Durational practice in matter performance with 100 litres of soil, exploring the temporal signatures of bodies and matter
In 2018 I filled a black-box studio with 100 litres of soil (desperately wishing I could have logistically managed to fill it with more) and invited 8 collaborators to join me for an extended period of exploration and discovery.
The main theory I draw on when it comes to soil in performance is Jane Bennett´s thinking on vibrant materiality (2010)*:
Bennett focuses on vibrant materiality with a view to affect political thinking and action towards a more ecological and sustainable practice. She makes a case for the impersonal affect of both organic and inorganic bodies stating that the materiality of a thing is what enables it to be affective. This is interesting, because it relates to my idea of the temporal perception of matter and object as intrinsic to its materiality, rather than it being a result of interpretation from the anthropocentric stance of encountering an inanimate and therefore in-affective object. Temporal signatures could thus be seen to be inert in any matter regardless of its relation to human bodies.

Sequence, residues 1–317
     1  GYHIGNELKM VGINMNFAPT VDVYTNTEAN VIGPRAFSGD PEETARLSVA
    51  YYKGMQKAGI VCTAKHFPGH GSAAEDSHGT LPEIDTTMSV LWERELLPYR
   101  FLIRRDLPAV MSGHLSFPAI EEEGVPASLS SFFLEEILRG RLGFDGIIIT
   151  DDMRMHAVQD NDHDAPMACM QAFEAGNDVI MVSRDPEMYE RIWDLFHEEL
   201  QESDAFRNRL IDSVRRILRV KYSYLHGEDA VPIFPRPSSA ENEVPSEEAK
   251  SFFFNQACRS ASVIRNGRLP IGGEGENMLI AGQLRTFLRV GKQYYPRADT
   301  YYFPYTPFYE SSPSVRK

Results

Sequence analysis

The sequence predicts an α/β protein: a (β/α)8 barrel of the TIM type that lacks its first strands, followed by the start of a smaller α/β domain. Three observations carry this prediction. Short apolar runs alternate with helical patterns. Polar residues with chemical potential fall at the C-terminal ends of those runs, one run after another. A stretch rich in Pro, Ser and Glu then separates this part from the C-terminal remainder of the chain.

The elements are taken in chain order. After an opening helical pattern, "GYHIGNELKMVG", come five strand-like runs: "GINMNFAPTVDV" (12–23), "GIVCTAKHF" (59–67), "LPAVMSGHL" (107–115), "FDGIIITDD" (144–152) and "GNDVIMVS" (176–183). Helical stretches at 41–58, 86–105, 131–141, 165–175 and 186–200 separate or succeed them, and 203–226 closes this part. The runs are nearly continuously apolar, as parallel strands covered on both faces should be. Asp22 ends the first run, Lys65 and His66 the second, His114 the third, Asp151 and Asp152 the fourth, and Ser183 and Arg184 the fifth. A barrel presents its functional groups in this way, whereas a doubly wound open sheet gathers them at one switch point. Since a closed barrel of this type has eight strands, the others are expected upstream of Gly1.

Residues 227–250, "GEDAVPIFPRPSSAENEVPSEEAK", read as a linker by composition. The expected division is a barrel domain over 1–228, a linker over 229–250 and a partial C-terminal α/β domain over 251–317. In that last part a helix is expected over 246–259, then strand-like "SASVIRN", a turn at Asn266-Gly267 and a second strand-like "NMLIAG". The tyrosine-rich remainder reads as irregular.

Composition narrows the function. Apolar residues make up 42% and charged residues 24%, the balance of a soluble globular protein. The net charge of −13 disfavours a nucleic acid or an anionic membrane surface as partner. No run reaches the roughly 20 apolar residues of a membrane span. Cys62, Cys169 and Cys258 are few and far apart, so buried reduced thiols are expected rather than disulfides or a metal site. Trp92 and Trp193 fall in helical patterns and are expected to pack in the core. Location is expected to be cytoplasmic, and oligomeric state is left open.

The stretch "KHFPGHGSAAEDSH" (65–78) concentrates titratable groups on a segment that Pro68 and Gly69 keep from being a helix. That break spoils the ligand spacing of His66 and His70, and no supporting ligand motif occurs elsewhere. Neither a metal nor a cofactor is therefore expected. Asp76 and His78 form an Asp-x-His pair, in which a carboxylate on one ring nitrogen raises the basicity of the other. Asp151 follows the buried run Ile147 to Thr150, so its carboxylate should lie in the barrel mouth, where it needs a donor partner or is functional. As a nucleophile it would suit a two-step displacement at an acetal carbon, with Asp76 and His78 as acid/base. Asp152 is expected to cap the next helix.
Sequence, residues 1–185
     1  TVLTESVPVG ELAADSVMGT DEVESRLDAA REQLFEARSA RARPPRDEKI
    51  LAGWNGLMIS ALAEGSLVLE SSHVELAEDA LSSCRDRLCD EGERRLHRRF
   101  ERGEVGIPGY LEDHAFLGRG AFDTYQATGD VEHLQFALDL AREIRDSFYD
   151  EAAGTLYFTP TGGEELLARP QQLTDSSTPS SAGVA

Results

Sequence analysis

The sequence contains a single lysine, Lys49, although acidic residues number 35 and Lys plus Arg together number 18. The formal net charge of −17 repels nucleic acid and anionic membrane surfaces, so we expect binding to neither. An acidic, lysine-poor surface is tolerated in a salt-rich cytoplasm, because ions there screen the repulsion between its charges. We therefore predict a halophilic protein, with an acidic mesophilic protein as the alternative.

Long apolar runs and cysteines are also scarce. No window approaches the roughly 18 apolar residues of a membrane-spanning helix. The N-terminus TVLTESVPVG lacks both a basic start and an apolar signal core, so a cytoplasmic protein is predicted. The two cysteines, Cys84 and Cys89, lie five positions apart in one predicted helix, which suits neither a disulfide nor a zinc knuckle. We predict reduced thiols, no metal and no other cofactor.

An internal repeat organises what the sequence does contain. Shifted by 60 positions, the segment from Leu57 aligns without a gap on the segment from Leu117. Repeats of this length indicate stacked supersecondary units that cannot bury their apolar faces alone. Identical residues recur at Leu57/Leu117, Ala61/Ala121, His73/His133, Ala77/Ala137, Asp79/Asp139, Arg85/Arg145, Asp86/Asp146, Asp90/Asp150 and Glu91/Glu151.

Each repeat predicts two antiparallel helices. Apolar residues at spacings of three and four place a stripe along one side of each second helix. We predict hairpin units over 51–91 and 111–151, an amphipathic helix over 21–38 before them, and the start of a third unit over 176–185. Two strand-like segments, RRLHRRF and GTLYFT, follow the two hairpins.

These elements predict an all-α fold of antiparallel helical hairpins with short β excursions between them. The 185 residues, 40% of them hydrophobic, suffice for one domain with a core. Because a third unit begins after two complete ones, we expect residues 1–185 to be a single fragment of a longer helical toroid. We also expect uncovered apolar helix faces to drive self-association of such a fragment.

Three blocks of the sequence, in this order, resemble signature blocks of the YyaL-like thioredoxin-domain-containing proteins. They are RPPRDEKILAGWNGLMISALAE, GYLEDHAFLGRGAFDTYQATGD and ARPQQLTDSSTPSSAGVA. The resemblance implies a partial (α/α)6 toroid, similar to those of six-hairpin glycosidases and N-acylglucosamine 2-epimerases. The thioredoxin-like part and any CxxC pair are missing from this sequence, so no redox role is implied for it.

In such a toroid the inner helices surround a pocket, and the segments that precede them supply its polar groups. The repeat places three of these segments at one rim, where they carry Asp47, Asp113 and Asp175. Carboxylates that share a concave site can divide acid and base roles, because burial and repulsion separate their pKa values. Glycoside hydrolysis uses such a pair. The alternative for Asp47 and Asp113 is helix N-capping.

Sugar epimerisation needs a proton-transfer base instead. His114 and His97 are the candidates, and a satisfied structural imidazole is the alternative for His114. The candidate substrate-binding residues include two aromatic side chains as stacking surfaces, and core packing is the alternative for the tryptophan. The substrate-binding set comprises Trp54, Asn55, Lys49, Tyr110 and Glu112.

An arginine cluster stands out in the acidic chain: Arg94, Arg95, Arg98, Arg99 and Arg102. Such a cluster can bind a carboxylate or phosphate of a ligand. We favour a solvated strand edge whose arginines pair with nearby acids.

If I relate this observation to my experience of object theatre and my attempts to alter the temporal signature of objects in performance, it becomes apparent how what I am affecting through assembling my chosen objects is a shift in how they are perceived by the audience in relation to the temporal signature of the performance. The temporal signature which is inert in the materiality of the thing exists in perpetuity and might hold the capacity to shift the manner of its affect through my manipulation of its assemblage with other bodies.
*Bennett, J. (2010) Vibrant Matter: a political ecology of things, Durham & London, Duke University Press.